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New Horizons, Pluto and the Kuiper belt
djellison
post Feb 19 2005, 10:54 PM
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'Good' News isnt sexy. If the US media is anything like the UK media - then they love talking a story up ( NH getting funding to go ahead ) then smashing it to pieces. They do it with sports stars, governmental projects, anything

And they'll never set the record straight when things pan out properly.

Doug
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cIclops
post Feb 20 2005, 08:00 AM
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QUOTE (DEChengst @ Feb 19 2005, 09:15 PM)
Why does bad news always make big headlines and the good news somehow just doesn't get mentioned ?

Recall the old adage "Never let the truth get in the way of a good story" :>


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cIclops
post Feb 20 2005, 08:16 AM
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QUOTE (Alan Stern @ Feb 19 2005, 09:09 PM)
The RTG and the necessary fuel are both in good shape.  Previous problems resolved.
All needed fuel is now ready. We expect 190 W or a tad more at Pluto in mid-2015.
The s/c requires ~165W, so there is a healthy margin. The launch approval process
has begun, and will take the remainder of the year to complete.

Welcome to our humble forum Alan, pull up a keyboard and make yourself comfortable smile.gif

What great news, NH is all gassed up and raring to go! I've got so many questions I hardly know where to start.

Okay how about with these two:

Given the 190+tad Watts at Pluto, how far out will that take NH?

Does NH have a really minimal power mode that will allow very low data rates (seconds per bit perhaps) for super extended missions?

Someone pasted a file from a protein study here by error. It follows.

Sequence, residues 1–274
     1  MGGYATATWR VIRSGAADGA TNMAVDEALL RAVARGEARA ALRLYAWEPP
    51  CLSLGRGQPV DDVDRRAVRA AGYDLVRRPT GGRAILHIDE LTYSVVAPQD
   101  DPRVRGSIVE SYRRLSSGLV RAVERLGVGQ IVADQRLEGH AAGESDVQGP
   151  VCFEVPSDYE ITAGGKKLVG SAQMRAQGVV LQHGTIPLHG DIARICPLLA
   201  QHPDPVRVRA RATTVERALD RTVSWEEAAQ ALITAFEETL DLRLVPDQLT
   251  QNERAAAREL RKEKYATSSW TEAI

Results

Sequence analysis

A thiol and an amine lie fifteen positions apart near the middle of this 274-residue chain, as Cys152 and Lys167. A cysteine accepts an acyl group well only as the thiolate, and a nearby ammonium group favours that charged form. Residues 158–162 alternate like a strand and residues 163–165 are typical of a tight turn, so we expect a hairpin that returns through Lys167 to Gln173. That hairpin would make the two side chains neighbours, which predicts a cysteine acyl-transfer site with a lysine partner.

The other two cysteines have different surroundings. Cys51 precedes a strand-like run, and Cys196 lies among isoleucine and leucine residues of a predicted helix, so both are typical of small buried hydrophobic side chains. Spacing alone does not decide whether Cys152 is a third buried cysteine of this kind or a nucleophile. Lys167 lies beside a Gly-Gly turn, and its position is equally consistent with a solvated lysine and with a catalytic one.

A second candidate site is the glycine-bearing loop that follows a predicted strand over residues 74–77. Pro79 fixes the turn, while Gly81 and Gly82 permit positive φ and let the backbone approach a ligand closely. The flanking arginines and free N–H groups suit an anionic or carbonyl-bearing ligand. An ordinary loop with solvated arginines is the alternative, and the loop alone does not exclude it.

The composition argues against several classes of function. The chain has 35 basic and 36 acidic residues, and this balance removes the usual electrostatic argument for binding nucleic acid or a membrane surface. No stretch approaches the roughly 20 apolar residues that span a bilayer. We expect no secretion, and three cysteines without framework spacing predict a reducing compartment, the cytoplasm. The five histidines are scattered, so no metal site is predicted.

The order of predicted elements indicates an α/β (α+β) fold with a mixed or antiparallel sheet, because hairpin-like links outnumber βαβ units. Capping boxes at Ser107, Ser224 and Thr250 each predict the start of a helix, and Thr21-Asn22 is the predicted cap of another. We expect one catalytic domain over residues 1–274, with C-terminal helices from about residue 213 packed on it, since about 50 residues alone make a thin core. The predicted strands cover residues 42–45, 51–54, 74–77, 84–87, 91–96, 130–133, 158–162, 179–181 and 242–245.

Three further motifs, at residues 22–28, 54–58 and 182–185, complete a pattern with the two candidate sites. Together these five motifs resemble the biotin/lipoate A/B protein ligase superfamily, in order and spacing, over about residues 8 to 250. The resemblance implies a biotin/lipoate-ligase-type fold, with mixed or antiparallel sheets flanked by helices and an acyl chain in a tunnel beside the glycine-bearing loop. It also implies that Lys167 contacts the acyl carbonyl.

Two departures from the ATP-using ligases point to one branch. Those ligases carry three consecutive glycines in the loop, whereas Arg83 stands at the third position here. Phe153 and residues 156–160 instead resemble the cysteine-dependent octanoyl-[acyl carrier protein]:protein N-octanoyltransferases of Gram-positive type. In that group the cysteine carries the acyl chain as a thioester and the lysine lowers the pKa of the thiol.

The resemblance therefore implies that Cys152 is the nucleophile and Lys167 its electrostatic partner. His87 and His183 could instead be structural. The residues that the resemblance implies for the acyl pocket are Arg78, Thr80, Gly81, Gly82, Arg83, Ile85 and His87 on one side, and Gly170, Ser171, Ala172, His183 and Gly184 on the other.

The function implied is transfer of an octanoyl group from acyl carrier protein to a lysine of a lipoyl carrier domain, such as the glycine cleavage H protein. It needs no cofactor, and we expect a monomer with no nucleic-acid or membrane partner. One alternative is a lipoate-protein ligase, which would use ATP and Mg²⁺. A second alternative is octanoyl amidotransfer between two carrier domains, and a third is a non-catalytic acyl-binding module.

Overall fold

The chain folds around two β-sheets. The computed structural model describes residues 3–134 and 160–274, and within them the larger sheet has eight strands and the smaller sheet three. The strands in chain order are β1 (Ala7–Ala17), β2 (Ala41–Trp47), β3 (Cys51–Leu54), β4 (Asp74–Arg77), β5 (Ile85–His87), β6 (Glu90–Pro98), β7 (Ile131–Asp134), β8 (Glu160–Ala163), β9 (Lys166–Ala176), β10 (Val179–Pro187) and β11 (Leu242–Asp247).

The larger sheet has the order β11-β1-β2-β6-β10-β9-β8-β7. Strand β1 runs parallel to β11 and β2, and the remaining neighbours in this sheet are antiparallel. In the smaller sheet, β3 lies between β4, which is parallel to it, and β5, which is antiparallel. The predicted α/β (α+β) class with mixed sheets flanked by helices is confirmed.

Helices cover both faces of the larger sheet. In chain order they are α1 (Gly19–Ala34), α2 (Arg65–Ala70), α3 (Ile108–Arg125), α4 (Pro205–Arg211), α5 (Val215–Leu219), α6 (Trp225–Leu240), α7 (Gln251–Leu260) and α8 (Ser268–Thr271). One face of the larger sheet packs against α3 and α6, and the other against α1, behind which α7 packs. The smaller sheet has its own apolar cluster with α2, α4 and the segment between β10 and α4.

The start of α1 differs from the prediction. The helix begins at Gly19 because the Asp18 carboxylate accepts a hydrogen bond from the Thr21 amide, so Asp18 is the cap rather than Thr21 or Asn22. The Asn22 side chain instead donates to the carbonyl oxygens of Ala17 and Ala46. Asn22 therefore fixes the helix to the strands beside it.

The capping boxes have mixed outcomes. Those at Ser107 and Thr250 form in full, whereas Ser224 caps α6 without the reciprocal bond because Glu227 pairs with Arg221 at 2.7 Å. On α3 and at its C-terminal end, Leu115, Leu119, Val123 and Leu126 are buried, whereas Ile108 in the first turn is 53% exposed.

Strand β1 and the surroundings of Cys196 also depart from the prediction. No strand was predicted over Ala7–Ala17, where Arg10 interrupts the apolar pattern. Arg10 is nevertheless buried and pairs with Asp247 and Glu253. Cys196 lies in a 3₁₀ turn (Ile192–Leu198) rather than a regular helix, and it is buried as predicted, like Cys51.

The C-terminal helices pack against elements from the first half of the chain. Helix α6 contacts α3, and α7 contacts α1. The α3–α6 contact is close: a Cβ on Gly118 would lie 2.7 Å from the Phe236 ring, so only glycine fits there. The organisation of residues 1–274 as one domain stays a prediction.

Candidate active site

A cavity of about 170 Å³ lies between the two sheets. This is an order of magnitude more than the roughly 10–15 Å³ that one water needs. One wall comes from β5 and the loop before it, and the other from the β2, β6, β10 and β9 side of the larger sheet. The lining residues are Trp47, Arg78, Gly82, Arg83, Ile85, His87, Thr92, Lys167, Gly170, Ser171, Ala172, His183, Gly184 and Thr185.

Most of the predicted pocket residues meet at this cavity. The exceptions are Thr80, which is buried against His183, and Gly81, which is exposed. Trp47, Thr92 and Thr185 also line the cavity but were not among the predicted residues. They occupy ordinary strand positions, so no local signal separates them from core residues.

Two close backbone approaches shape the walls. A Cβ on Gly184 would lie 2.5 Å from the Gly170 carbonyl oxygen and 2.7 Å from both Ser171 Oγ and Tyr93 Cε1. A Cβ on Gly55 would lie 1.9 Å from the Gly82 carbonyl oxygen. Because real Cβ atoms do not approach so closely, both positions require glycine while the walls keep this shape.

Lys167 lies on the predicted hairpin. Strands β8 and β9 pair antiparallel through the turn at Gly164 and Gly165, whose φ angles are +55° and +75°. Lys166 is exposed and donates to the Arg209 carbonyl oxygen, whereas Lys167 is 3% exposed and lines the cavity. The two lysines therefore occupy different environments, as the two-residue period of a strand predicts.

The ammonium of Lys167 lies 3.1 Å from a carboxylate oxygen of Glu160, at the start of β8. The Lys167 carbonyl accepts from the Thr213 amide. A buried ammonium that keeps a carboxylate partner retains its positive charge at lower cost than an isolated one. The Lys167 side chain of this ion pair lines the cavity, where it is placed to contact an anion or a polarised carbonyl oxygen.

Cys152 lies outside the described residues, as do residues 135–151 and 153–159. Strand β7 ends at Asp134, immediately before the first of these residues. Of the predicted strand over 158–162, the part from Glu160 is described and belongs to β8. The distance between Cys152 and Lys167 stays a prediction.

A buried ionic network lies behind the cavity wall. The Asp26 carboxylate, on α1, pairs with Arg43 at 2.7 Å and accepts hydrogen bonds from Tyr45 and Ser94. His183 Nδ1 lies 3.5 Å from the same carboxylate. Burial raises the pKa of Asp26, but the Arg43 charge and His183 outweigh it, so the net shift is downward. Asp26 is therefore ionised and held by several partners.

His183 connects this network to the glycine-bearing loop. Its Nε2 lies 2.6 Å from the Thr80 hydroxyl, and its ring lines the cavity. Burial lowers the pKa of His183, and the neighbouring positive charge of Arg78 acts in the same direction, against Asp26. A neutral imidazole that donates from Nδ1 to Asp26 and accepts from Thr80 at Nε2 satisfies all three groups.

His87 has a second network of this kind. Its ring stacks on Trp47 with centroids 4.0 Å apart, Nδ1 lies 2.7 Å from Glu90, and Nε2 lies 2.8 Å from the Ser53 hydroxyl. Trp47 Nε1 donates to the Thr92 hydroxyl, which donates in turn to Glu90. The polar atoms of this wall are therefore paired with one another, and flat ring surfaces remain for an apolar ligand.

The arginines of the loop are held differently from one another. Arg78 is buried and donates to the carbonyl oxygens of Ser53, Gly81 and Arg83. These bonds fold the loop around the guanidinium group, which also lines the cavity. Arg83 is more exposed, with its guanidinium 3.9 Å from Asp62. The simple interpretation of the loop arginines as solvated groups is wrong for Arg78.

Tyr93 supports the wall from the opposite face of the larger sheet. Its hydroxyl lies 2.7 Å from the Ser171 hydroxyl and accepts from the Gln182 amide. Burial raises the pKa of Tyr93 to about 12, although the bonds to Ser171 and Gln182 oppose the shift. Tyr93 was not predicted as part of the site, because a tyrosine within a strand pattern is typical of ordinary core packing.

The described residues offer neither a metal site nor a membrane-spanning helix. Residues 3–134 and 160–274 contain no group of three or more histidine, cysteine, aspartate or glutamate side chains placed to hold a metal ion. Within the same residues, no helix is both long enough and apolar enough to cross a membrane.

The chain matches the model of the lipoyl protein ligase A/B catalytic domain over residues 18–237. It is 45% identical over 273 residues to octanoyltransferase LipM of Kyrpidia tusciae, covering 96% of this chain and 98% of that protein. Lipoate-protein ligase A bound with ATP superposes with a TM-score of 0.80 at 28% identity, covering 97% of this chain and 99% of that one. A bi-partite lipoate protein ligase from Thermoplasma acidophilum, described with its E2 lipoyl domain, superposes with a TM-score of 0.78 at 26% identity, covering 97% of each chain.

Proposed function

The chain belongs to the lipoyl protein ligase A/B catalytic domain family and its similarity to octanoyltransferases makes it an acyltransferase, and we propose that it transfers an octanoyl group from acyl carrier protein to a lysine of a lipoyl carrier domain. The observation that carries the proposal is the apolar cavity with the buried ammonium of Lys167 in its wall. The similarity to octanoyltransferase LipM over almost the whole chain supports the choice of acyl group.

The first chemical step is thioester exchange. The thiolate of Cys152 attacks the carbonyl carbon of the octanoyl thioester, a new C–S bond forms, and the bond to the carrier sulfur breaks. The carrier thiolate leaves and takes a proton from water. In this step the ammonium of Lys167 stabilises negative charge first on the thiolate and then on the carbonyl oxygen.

Certificate No. 1125

324 days to launch window


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Guest_Sunspot_*
post Feb 20 2005, 12:35 PM
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Short article on New Horizons at the Planetary Society website:

http://www.planetary.org/pluto_75/pluto_ne...ons_190205.html
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Alan Stern
post Feb 20 2005, 03:10 PM
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Given the 190+tad Watts at Pluto, how far out will that take NH?

This depends on when we launch in the 2006 window or the backup 2007
window because the exit velocity varies with launch date. The basic answer
is that predicts show that we have sufficient power to run out to 2025, which
corresponds to ~50-60 AU if all goes well.

Does NH have a really minimal power mode that will allow very low data rates (seconds per bit perhaps) for super extended missions?

We have data rate capabilities down to 10 bps, but using them doesn't extend
the lifetime or range estimates above. That said, there may be some heroic
things one could do if all's well to extend further. We have't looked at that.
Our job is to keep our eye on the Pluto ball, and there's more than enough
to keep us busy with that.
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DEChengst
post Feb 20 2005, 04:15 PM
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About the 768 bit/sec datarate at Pluto: Is this what can be achieved with the current DSN or with planned upgrades to the DSN ? Because if it can be guaranteed with the current DSN, it's not unlikely that DSN will get better recievers in the coming 10 years that would allow for higher datarates cool.gif